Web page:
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Research Papers

Output Feedback Robust Control of Direct Current Motors With Nonlinear Friction Compensation and Disturbance Rejection

[+] Author and Article Information
Jianyong Yao

School of Mechanical Engineering,
Nanjing University of Science and Technology,
Nanjing 210094, China
e-mail: jerryyao.buaa@gmail.com

Zongxia Jiao

School of Automation Science
and Electrical Engineering
and the Science and Technology
on Aircraft Control Laboratory,
Beihang University,
Beijing 100191, China
e-mail: zxjiao@buaa.edu.cn

Dawei Ma

School of Mechanical Engineering,
Nanjing University of Science and Technology,
Nanjing 210094, China
e-mail: ma-dawei@mail.njust.edu.cn

1Corresponding author.

Contributed by the Dynamic Systems Division of ASME for publication in the JOURNAL OF DYNAMIC SYSTEMS, MEASUREMENT, AND CONTROL. Manuscript received September 4, 2013; final manuscript received September 30, 2014; published online November 7, 2014. Assoc. Editor: YangQuan Chen.

J. Dyn. Sys., Meas., Control 137(4), 041004 (Apr 01, 2015) (9 pages) Paper No: DS-13-1341; doi: 10.1115/1.4028743 History: Received September 04, 2013; Revised September 30, 2014

High accuracy tracking control of direct current (DC) motors is concerned in this paper. A continuously differentiable friction model is adopted to account for the friction nonlinearities, which allows more flexible and suitable practical implementation. Since only output signal is available for measurement, an extended state observer (ESO) is designed to provide precise estimates of the unmeasurable state together with external disturbances, which facilitates the controller design without any transformations. The global stability of the controller is ensured via a certain robust feedback law. The resulting controller theoretically guarantees a prescribed tracking performance in general, while achieving asymptotic output tracking in the absence of time-varying disturbances, which is very important for high accuracy control of motion systems. Comparative experimental results are obtained to verify the high-performance nature of the proposed control strategy.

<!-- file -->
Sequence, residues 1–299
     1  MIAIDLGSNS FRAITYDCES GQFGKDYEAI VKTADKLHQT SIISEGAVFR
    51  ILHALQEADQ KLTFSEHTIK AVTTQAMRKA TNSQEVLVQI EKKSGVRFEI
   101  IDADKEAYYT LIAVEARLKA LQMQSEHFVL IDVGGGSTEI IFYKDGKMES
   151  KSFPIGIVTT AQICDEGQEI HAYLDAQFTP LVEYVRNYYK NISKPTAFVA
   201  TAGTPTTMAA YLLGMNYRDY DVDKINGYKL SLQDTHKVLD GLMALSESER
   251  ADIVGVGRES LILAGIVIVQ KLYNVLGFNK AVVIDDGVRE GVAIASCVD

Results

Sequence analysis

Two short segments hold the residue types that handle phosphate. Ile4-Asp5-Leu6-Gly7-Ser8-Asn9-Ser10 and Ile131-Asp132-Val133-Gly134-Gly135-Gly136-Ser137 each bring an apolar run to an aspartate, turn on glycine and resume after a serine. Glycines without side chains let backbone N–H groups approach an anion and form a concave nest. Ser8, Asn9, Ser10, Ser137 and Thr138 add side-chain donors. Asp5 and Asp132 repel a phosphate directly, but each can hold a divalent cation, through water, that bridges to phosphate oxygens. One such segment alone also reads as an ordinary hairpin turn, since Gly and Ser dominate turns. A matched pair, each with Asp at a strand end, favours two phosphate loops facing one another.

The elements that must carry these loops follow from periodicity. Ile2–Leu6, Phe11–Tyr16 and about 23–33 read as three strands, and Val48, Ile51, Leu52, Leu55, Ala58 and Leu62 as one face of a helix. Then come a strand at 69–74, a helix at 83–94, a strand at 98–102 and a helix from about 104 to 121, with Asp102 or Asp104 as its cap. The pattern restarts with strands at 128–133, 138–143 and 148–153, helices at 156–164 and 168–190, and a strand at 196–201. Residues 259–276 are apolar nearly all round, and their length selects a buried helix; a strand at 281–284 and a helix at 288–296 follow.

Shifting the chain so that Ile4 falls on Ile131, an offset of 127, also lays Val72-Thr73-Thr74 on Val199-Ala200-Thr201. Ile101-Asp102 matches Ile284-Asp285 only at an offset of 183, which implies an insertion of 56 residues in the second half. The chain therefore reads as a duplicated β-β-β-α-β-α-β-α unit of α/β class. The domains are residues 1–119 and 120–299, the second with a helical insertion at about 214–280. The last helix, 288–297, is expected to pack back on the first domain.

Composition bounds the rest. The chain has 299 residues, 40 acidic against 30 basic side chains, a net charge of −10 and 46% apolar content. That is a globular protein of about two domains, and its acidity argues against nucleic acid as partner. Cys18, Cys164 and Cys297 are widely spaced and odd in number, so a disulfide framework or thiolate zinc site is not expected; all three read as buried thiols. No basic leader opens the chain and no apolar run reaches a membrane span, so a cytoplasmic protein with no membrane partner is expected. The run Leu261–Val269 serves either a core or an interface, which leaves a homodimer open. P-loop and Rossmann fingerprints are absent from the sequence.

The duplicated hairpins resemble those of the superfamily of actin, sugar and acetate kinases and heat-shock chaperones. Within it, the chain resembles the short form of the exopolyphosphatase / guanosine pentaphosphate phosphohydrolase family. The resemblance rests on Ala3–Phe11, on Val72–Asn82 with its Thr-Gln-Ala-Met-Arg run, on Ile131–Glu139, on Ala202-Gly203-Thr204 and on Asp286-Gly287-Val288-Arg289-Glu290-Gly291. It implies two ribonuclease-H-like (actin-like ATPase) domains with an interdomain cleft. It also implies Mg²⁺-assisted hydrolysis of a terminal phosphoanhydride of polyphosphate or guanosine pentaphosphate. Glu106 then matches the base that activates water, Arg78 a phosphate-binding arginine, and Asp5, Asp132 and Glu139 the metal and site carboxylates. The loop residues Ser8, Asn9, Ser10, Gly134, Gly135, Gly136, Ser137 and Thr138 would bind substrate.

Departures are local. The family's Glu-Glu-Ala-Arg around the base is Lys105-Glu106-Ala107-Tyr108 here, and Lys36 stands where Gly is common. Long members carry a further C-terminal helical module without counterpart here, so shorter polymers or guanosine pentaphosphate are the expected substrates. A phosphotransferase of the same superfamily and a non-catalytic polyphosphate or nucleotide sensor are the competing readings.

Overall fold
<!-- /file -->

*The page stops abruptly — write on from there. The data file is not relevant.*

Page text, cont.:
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Figures

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Fig. 1

The architecture of the positioning motion system

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Fig. 2

Experimental platform of DC motor driven system

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Fig. 4

The desired trajectory (normal case)

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Fig. 5

Tracking errors of four controllers in normal case

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Fig. 6

States estimation and control input of OFRC in normal case (a) States x1 and x2 estimation of OFRC and (b) Extended state x3 estimation and control input of OFRC

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Fig. 7

Tracking errors of OFRC with position disturbance

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Fig. 8

State x3 estimation and control input of OFRC with position disturbance

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Fig. 3

Experimental results and curve fitting of nonlinear friction [3]. (a) The overall friction identification data. (b) The zoom figure at zero velocity region in (a). (c) The obtained static friction described by the model (2) with coefficients c1 = 700, c2 = 15, c3 = 1.5, a1 = 0.02, a2 = 0.01, and a3 = 0.205.

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